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Water Worries: How Safe Is Your Drinking Water?

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By Mia Bolaris-Forget

I happen to be one of those people, in fact always have been, that “forces” myself to drink at minimum eight glasses, if not more a day. And, I’m known to ALWAYS have a bottle of water in my car.

Yet, while I “think” I’m doing my body and health justice, some new concerns about bottled water are consistently cropping up.

The concern is with BPA (Bisphenol-A) a potentially toxic chemical used in the manufacture of polycarbonate plastics, as well as in durable, high-performance plastic material used in the lining of tin cans and to make reusable, high-performance plastic containers.

According to experts, the chemical “has” been detected in certain individuals who seemingly have ingested it through food or liquids stored in plastic containers or plastic-lined cans. In fact, they add that food is a huge marker for BPA, as it slowly leaches its way in via storage containers.

The issue at hand revolves around the fact the BPA has been classified as an endocrine disruptor, a substance that interferes with the body’s natural hormone system. In addition, experts suggest that BPA has estrogenic properties that result in binding to the body’s estrogen receptors, making our body think that it actually is a natural hormone and “tricking” it into using it to regulate our endocrine system. And, according to the World Health Organization, endocrine disruptors are associated with lower sperm count and quality, early onset of puberty, neurobehavioural problems and caner.

However, some experts suggest that the amount of chemical we are exposed to is almost “negligible”. Toxologists go on to assert that extensive testing “has” been conducted and the amount of BPA we ingest falls well below the safety minimum, adding that for any significant impact on our health we would have to melt the bottles down and spoon the chemicals in.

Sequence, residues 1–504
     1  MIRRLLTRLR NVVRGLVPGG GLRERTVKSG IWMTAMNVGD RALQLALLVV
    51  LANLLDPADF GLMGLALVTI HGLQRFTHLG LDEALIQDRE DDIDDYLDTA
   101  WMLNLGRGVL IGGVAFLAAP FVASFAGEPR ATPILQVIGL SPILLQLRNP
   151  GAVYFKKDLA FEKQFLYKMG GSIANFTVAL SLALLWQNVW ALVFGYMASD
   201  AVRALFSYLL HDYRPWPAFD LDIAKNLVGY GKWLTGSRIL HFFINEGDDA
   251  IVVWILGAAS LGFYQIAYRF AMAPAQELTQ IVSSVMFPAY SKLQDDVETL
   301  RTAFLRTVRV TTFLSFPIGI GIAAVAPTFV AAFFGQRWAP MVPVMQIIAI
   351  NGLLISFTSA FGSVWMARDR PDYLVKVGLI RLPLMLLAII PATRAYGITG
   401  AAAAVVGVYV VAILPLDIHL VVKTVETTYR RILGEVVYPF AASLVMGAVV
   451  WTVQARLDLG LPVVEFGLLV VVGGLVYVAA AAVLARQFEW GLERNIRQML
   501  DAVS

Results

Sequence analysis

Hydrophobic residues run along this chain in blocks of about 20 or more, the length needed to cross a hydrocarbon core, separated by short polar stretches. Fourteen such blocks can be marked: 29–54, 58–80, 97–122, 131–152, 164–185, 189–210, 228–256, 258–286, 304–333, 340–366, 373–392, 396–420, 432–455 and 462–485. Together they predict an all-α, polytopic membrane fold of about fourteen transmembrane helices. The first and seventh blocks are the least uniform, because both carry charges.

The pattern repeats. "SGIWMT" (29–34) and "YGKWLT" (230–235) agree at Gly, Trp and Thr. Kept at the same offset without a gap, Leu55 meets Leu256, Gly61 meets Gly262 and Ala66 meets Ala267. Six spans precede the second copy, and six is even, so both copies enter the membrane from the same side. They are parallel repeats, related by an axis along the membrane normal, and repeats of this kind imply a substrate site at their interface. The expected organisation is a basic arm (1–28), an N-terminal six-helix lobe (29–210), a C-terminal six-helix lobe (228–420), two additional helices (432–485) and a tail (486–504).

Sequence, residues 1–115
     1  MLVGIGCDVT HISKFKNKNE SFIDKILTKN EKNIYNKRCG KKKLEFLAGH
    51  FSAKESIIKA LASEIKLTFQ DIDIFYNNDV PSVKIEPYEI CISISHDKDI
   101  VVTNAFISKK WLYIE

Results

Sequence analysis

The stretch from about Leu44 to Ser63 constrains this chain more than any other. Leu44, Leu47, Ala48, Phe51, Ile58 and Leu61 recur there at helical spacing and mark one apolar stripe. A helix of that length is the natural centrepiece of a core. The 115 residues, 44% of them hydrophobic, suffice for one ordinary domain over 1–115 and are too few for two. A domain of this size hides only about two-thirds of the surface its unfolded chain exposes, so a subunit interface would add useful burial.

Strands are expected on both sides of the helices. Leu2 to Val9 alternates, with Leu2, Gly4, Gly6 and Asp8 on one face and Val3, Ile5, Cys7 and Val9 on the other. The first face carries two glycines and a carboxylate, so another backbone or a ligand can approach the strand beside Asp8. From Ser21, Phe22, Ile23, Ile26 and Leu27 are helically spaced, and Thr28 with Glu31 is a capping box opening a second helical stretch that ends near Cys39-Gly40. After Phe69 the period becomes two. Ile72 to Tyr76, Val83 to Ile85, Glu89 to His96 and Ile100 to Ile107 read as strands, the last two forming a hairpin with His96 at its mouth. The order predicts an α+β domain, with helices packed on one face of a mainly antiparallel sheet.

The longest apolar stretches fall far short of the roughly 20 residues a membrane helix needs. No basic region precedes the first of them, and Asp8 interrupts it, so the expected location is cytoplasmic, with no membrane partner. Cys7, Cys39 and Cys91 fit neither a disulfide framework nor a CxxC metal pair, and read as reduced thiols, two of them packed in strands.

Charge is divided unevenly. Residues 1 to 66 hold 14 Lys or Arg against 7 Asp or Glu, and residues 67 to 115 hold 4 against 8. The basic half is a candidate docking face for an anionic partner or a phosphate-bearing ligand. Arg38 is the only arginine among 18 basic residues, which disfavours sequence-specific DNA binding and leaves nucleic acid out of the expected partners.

Yet, other studies reveal that even small amounts of BPA are dangerous, just as dangerous as high levels. And, many conclude that when it comes to your health and long-term effects of chemicals on your body, your best approach is “better safe than sorry”.

They suggest reducing your risk by minimizing your exposure to BPAs. But, they add, avoiding them altogether is practically impossible.

You can identify plastics containing BPA by looking for the recycling symbol # 7, typically indigenous to durable plastic products you can see through, including Tupperware containers, Nalgene Bottles, Brita jugs, and some baby bottles. However, newer products tend to be more stable and safe, but time and usage, especially heating, break down the polymers and allow BPA and other chemicals to make their way into foods.

Experts recommend looking for safer products, those with recycling symbols (or “PETE” numbers) 1,2,4, and 5.

They note that commercial water bottles for instance have a recycling symbol of one while Gladware has a symbol of 5. And, while these are certainly “safer”, the bottle are not meant or designed for re-use and Gladware should NOT be heated.

Plus, experts offer the following tips.

· Opt for fresh or dried fruits and veggies, and store them in cloth or glass containers. They add that most health food stores have special cloth bags for storing salad greens.

· Keep a large glass at your desk and refill “it” with water instead of using a plastic container.

· Opt for whole foods rather than those in cans and when you “do” choose cans try to avoid those with plastic lining. Also soaking beans and lentil overnight can get rid of some of the toxins.

· Wrap sandwiches in wax paper rather than plastic baggies.

· Use plastic food containers for transporting food only. Heat if up on a ceramic dish or paper towel.

· Avoid preserved items and treat your family to your own sauces, preserves, and jams.

Long Island Health, Fitness & Beauty Articles > Water Worries: How Safe Is Your Drinking Water?

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